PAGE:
The incident took place on December 28, 2006. Police came to the Old Matthews Road home of Wilson and her husband while they were having a domestic dispute, and Wilkins offered Wilson a ride to the Criminal Justice Center so she could swear out a warrant. The officer drove past two cross-streets that would have led downtown and then turned onto Brick Church Pike, headed due north, away from downtown. During the drive, the opinion states, he "rubbed and caressed Wilson's hand three times, looked at her seductively, told her she was beautiful, and said he wanted to date her."
When the car slowed, Wilson jumped out and ran toward the EconoLodge motel on Brick Church, screaming at the top of her lungs. She says she damaged her vocal chords in the process and claims the touching by Wilkins constituted assault.
Wilkins, who had been on the force since 1997, was "decommissioned" after the incident and ultimately resigned while "not in good standing with disciplinary action pending," according to Metro Police spokesman Don Aaron.
The litigation now returns to District Court for further proceedings. Plaintiff's attorney: August Carl Winter of Brentwood. Defendant's attorney: John M. L. Brown of Nashville.
United States District Court
United States of America v. 600 44-pound poly mesh bags of rice et al., in re Won Feng Trading Inc. Consent decree entered Jan. 26. A Nashville Asian-foods restaurant supplier agrees to strict monitoring by the Food and Drug Administration after federal agents raided its Eugenia Ave. warehouse on Jan. 6 and impounded a large amount of vermin-infested goods.
Inspectors had found what they termed "an active and widespread rodent infestation in the building, including live and dead rodents, rodent hair, rodent nesting material, evidence of rodent-gnawed food, and rodent urine," as well as other forms of contamination.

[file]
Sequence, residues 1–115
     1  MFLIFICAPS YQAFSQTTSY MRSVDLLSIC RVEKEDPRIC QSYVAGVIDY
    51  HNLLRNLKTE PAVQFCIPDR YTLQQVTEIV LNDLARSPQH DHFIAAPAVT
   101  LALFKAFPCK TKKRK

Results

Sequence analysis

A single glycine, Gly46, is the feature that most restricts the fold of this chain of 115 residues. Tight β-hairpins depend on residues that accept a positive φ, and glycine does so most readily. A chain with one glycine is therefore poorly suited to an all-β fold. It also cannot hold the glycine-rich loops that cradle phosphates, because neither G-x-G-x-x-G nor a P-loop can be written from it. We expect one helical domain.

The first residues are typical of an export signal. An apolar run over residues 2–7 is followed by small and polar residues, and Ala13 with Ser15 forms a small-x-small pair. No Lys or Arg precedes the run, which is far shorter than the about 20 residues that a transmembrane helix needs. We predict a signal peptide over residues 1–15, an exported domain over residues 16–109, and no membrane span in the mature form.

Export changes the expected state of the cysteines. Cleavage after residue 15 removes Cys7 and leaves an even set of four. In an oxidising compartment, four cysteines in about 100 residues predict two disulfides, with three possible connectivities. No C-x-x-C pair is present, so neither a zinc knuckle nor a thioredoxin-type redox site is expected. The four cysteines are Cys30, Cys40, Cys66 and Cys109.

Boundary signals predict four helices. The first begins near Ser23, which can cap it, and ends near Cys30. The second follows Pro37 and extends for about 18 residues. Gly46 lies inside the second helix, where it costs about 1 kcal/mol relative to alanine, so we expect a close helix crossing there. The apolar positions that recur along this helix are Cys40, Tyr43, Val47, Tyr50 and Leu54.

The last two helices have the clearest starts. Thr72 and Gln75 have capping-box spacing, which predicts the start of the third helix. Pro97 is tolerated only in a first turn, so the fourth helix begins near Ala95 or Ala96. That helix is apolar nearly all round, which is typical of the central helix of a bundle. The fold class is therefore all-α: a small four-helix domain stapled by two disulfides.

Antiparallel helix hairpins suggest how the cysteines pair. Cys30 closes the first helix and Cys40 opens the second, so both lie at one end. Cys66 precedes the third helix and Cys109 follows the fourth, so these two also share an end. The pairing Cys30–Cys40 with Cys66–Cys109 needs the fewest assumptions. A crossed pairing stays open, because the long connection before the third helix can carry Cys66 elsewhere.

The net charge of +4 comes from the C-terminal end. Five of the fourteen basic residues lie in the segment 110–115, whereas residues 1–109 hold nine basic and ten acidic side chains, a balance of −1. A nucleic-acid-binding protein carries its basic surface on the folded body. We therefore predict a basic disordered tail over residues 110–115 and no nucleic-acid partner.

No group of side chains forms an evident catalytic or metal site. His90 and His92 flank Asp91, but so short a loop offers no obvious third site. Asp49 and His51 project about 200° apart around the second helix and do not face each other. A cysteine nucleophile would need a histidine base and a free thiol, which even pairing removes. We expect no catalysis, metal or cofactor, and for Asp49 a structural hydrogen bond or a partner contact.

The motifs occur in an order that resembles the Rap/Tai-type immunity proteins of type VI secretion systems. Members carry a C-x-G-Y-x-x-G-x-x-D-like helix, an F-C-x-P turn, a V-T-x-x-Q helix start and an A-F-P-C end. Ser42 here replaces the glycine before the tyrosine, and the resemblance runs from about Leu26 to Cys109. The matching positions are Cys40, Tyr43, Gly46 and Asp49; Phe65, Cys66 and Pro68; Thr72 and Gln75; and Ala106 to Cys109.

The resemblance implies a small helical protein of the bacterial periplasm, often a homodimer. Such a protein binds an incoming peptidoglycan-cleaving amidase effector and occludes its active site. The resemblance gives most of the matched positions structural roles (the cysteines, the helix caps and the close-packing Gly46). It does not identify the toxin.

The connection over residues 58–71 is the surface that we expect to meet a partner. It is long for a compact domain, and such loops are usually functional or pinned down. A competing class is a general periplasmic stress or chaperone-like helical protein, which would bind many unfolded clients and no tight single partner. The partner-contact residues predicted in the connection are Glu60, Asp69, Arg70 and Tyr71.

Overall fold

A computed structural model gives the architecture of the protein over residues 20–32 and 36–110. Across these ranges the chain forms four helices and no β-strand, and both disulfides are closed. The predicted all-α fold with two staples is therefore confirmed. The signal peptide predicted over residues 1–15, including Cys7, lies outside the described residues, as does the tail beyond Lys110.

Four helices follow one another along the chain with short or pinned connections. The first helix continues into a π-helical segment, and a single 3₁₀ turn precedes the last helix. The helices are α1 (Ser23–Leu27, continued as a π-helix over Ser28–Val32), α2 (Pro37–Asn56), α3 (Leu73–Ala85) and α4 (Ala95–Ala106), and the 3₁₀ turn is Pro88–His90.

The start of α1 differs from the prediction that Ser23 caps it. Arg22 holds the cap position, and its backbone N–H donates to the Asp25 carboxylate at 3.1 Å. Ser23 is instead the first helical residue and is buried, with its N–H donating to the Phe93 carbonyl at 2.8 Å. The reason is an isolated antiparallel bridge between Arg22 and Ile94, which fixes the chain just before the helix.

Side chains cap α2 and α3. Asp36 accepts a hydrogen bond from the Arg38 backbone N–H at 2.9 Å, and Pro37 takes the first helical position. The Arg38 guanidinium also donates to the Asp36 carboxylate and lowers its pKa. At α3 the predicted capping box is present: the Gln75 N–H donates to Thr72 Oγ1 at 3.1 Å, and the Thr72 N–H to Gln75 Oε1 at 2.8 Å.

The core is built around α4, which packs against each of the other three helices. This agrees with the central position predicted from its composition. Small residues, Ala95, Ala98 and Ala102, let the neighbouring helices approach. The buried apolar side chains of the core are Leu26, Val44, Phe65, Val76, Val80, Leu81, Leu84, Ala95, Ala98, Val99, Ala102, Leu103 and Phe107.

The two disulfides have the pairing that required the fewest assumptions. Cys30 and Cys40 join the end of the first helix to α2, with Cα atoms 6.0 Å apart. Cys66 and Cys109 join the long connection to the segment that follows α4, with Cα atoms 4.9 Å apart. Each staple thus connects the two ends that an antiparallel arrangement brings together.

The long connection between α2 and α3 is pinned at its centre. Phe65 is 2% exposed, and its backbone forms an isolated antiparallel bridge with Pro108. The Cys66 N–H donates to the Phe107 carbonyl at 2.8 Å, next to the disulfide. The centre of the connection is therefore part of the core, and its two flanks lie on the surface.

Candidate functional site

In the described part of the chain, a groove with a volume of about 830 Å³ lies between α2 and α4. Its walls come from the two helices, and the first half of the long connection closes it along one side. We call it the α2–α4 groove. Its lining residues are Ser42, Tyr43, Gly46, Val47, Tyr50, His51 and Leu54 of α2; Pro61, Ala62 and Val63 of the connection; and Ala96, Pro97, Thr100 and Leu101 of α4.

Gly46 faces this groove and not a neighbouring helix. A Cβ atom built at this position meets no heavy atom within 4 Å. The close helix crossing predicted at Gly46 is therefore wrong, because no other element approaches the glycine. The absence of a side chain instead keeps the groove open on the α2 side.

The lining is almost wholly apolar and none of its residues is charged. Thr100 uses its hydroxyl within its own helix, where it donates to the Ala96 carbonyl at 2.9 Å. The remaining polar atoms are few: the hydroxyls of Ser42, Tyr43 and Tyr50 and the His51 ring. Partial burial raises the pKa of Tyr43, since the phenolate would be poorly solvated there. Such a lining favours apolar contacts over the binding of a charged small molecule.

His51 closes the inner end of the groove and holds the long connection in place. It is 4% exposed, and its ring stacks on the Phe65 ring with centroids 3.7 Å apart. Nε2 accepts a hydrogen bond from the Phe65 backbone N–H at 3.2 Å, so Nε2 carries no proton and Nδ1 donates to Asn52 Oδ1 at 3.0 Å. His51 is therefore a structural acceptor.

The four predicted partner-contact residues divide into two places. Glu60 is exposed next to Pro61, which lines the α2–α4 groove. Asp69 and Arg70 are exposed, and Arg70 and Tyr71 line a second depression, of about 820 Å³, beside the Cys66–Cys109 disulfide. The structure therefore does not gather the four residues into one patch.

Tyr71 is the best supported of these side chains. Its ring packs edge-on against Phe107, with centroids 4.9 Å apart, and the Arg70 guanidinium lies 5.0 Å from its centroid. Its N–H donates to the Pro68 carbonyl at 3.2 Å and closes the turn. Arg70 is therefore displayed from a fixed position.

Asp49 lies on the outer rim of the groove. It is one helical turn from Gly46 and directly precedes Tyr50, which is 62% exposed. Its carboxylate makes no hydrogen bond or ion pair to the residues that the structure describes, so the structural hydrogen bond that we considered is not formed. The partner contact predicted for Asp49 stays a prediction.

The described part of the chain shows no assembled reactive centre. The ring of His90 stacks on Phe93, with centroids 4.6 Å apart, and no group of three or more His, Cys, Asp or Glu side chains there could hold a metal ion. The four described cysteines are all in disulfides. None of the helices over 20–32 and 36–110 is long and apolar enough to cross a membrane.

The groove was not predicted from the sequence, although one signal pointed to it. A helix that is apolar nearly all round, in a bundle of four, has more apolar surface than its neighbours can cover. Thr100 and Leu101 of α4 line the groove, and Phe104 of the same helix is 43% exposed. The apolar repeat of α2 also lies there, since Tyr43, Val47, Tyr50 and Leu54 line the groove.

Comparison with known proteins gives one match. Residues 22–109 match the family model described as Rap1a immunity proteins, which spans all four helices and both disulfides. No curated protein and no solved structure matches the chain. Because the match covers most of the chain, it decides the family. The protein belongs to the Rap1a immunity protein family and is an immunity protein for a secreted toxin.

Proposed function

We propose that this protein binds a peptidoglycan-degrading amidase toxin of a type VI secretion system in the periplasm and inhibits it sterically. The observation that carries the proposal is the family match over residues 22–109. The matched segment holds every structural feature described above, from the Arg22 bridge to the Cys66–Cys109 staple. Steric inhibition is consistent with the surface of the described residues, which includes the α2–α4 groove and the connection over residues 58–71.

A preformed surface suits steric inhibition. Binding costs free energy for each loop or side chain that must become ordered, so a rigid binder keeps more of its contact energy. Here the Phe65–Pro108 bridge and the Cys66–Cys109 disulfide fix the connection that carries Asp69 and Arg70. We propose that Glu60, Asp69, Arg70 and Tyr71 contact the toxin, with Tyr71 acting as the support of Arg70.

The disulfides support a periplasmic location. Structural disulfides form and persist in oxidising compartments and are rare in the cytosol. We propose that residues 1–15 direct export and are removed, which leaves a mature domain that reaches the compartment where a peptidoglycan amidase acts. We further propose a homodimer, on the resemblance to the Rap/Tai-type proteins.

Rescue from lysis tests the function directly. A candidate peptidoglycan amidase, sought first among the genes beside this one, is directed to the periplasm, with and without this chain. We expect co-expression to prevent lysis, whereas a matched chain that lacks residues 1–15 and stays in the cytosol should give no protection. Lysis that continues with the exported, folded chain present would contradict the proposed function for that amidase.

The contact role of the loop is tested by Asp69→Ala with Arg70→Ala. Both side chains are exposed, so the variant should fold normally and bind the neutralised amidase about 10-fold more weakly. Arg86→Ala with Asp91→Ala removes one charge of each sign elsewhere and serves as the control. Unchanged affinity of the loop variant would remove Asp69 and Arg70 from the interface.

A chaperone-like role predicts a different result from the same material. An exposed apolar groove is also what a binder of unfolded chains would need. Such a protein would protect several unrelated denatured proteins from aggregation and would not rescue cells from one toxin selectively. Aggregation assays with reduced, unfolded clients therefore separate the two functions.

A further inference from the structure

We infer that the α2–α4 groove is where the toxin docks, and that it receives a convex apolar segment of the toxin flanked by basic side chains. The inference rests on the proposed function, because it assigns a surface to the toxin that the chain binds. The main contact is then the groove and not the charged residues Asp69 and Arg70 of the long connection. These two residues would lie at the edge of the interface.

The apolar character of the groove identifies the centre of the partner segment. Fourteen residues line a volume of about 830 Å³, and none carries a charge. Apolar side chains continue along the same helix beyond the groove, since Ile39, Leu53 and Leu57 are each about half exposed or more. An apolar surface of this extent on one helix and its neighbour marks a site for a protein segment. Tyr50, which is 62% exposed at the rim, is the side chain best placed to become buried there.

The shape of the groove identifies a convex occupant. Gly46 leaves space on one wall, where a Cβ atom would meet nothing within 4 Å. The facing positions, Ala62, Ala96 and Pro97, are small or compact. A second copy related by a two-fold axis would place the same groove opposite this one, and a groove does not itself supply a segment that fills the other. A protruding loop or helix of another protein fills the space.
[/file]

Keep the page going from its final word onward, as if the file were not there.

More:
The order requires Won Feng to put up a $426,000 bond to guarantee it will carry out the destruction or reconditioning of food and cooking equipment at the warehouse. If it fails to bring the facility into compliance within 60 days, it could be forced to forfeit the cash. The company also must pay back the government for the man-hours investigators put into monitoring its compliance, at rates ranging from $88 to $105 an hour.
"We'd like to be able to have something positive come out of this," said Mark Reagan of Robinson, Reagan & Young in Nashville, counsel to Won Feng. "We have been working very closely with the U.S. Attorney's office to address the situation. Won Feng has made both internal and external policy changes, including replacing some of its third-party vendors."
House of Bryant Publications LLC v. A&E Television Networks. Dismissal order filed Jan. 21. The end is near in a dispute over A&E's unauthorized usage of University of Tennessee sports anthem "Rocky Top" in a true-crime documentary. Judge Aleta Trauger's order says the parties have reached a settlement and must file papers to close the case within 20 days. Neither side responded to queries last week seeking details.
In October, Trauger turned aside A&E's argument that the case should be dismissed because its incorporation of a 12-second snippet from the song constituted "fair use," as defined in copyright law. The parties later entered mediation.
Plaintiff's attorney: Richard S. Busch, King & Ballow, Nashville. Defendant's attorney: Robb S. Harvey of Waller, Lansden, Dortch & Davis in Nashville.